“It’s a road trip! It’s about adventure! . . . It’s not like we have somewhere to go.” — John Green, An Abundance of Katherines.
In Western Australia there exists an unspoken hierarchy of travellers, with the mighty road trippers topping the list. And considering bus services are sparse and tours tend to be pricey, most travellers are turning to their own set of wheels as the preferred method of getting around the country’s outback.
After 30 days, 7,364 kilometres, $1,500 in petrol costs, countless litres of wine and more than a dozen road kill cows, my travelling partner and I joined the ranks of hardened road trip warriors.
We conquered the state where the red dirt of the desert meets the turquoise waters of the Indian Ocean in our trusty steed – a van named Victor.
Yet rugged and beautiful Western Australia proved to be an unexpected test of our resilience. Victor’s too. We ran out of fuel, got chased by cyclones and survived a fly sighting of biblical proportions.
Although it isn’t only the negatives that transformed us from complacent commuters to robust vehicle Vikings. From the sunsets at Yanchep’s abandoned beaches, to the satisfaction of covering vast distances while listening to carefully crafted road trip playlists, these are things that travellers won’t be able to experience without taking off on their own.
For those seeking adventures outside of the confines of the typical tourist trail and wish to trade that for the confines of four wheels, an extreme daily caffeine intake, and the open road, here are some pros and cons to road tripping Western Australia in a van:
Convenience: Sunset beers at the beach have never been easier or more convenient. Who cares that the camp stove has a tendency to blow up when you can cook your dinner on one of the coastal lookouts in Kalbarri. The epic Instagram pictures hashtagged “dinner with a view” and the numerous likes make the singed eyebrows worth it.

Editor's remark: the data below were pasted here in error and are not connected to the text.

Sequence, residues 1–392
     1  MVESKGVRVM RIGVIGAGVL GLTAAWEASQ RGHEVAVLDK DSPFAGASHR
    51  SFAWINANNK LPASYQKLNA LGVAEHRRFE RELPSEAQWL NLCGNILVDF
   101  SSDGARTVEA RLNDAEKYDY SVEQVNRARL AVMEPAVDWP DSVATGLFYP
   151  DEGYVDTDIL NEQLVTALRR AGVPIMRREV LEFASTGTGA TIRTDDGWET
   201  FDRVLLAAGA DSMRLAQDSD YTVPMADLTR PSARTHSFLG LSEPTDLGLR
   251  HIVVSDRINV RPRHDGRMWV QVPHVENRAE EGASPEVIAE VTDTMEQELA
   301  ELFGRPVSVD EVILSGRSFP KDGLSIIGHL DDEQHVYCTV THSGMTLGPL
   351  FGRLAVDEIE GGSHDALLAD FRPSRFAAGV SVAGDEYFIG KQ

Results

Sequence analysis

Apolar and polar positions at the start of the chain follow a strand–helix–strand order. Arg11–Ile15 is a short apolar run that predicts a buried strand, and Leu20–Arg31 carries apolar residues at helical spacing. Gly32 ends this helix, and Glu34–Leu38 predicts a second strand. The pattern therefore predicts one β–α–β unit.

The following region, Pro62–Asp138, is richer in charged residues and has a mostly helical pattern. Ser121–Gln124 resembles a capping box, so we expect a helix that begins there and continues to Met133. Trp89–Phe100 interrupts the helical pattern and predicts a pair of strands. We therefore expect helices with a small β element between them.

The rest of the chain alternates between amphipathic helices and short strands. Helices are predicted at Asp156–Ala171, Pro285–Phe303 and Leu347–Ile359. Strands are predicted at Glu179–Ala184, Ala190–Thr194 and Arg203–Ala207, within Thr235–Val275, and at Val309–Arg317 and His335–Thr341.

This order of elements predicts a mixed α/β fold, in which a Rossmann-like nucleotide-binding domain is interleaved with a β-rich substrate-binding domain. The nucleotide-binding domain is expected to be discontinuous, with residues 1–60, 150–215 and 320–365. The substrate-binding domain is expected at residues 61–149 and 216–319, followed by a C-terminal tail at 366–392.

Absolute freedom: Travelling with a tour, backpackers may miss out on the wicked, wacky or weird stops in between destinations. With a van, if you want to stop and take a picture with a two-metre termite mound on the side of the highway or stop and admire the Big Lobster at Dongara, you’re completely free to do so. If that means stopping in at Wycliffe Well in the hopes of spotting UFOs that frequent the area, then nothing is stopping you (except maybe your travelling partner’s disdain). Even the smallest things have the potential to become some of the greatest moments on your trip.
Hidden Gems: You are more likely to stumble across the unadvertised, local spots with your own set of wheels. Small beaches with beautiful views and small towns with big personalities are frequent occurrences driving up the coast (except Leeman. despite praises made by a well-known travel publication franchise). Some of the best beaches in the country are found on the under inhabited coast of Western Australia. Being the only people on the endless stretches of beautiful coastline can lead to an inflated sense of grandeur. This is why…
Bragging Rights: From that little known beach you camped on last night, to the dangers and horror stories you’ve faced on the road, it gives road trippers a slight edge in their carefully accumulated cache of travel stories. “Oh, your greyhound broke down? That sucks. Well, when we were off-roading in our two-wheel van, we hit a rock and cracked our axel. I had to walk two hours in 40 degree heat until I had reception to call for a lift and then had to wait a week in Woop Woop until it was fixed.”